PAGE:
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The Different Levels of Nursing and Tips to Succeed

January 17, 2023

Being a nurse is one of the noblest careers in the world. The word nursing is recognized by people of all ages, clans, and systems. Many understand how the profession works at face value. Like every other profession, nursing is not without its levels and specializations. 

The nursing profession has different levels to serve as a roadmap for developing your skills, clinical knowledge, and general expertise as a health practitioner. But, a lack of understanding generally exists about the wide variety of specialties and credentials available for nurses. 

Whether you want to become a nurse or an APRN with numerous years of experience, it is essential to understand the levels and progressive system in the nursing vocation. 

Many levels must be considered. The higher the degree, by and large, a nurse's level, the more schooling and experience they have gotten. Between becoming a fully-fledged nurse or a medical practitioner, many levels must be regarded.

Levels of Nursing

Before advancing more profoundly into the nursing levels, let us first discuss the three categories of nurses we have; we will then discuss the levels of nursing in light of these three categories.

1. Non-degree Nurse: These are the nurses who have completed an education program in nursing, but this program is not degree-based. They are the certified nursing assistants (CNAs)and also the licensed practical nurses (LPNs)

2. Degree Nurse: These include nurses who have an undergraduate degree in nursing examples are the Associate of Science in Nursing (ASN) or Bachelor of Science in Nursing (BSN)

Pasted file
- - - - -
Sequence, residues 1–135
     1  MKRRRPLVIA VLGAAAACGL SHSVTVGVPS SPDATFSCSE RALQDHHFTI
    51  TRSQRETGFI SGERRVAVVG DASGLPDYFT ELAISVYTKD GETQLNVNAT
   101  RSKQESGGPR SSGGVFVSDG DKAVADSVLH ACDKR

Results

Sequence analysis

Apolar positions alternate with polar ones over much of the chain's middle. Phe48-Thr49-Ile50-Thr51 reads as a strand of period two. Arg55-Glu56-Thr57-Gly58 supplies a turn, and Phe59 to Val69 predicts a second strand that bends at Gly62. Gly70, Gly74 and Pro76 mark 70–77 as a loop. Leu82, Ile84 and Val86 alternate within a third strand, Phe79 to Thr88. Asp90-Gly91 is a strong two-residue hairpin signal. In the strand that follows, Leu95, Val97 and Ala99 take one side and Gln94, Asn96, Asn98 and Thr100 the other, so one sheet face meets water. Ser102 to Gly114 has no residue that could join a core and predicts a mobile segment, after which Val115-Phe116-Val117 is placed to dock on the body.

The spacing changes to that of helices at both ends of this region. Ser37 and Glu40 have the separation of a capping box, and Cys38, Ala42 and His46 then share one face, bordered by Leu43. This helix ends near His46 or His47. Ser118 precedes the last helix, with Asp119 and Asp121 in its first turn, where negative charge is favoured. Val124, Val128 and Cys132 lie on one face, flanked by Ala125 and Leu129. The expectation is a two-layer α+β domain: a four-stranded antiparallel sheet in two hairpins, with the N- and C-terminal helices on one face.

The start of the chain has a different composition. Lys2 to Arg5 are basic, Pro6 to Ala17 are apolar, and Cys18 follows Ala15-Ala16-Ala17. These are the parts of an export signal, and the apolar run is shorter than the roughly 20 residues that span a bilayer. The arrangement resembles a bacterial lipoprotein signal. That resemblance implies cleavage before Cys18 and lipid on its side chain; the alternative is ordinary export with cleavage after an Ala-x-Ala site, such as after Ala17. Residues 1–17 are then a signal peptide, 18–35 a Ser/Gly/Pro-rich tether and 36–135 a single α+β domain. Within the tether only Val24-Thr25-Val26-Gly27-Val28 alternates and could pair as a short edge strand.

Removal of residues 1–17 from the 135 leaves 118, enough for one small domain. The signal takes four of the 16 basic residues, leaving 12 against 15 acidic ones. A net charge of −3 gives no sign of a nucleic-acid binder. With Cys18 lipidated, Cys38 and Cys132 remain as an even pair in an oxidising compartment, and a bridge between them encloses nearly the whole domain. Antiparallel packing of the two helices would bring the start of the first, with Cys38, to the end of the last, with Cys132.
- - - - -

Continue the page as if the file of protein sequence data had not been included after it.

3. Advance degree Nurse: These are the nurses with a graduate degree in nursing like the Master of Science in Nursing (MSN) or Doctor of Nursing Practice (DNP). 


This is an entry-level into the nursing profession; CNAs work typically at home, and they work under registered nurses and work closely with the patient to ensure their well-being and health status. 

CNAs also alert nurses in the case of emergencies; they help patients with their daily needs such as eating, bathing, dressing, etc. CNAs record patients' volume of food and liquid consumption; they also measure and take readings of vital signs such as temperature, oxygen levels, blood pressure, etc.

To become a CNA, one must have a high school diploma or a GED and complete a state-approved CNA program for 3 to 8 weeks with training hours and practical's. Then a state-approved certification exam would be written to earn the CNA title and certificate.

As of 2020, CNAs earned median wages of $30,850, and the Bureau of Labor Statistics projects that jobs for nursing assistants will grow by 8% between 2020-2030, leading to the creation of more than 115,000 new jobs — in addition to those that become available due to job turnover. 


These nurses administer primary patient care and nursing to patients in the hospitals to perform tasks like inserting catheters, checking blood pressure, changing bandages, administering medications, and taking reports of the patients back to the doctor or registered nurse for proper examination. LPNs are also called Licensed Vocational Nurses (LVNs)